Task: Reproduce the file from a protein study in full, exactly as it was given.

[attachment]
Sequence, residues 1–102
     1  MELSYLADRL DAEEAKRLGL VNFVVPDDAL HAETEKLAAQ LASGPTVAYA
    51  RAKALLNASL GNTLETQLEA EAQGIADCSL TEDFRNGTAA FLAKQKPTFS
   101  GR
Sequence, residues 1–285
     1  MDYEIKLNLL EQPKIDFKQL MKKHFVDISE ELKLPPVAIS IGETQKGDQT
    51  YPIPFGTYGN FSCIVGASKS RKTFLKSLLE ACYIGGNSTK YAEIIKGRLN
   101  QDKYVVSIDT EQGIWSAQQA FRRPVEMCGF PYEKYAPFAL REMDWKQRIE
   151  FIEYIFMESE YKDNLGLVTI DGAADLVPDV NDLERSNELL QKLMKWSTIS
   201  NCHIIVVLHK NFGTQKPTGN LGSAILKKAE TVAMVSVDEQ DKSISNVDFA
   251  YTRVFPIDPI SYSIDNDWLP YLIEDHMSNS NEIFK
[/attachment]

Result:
Sequence, residues 1–102
     1  MELSYLADRL DAEEAKRLGL VNFVVPDDAL HAETEKLAAQ LASGPTVAYA
    51  RAKALLNASL GNTLETQLEA EAQGIADCSL TEDFRNGTAA FLAKQKPTFS
   101  GR
Sequence, residues 1–285
     1  MDYEIKLNLL EQPKIDFKQL MKKHFVDISE ELKLPPVAIS IGETQKGDQT
    51  YPIPFGTYGN FSCIVGASKS RKTFLKSLLE ACYIGGNSTK YAEIIKGRLN
   101  QDKYVVSIDT EQGIWSAQQA FRRPVEMCGF PYEKYAPFAL REMDWKQRIE
   151  FIEYIFMESE YKDNLGLVTI DGAADLVPDV NDLERSNELL QKLMKWSTIS
   201  NCHIIVVLHK NFGTQKPTGN LGSAILKKAE TVAMVSVDEQ DKSISNVDFA
   251  YTRVFPIDPI SYSIDNDWLP YLIEDHMSNS NEIFK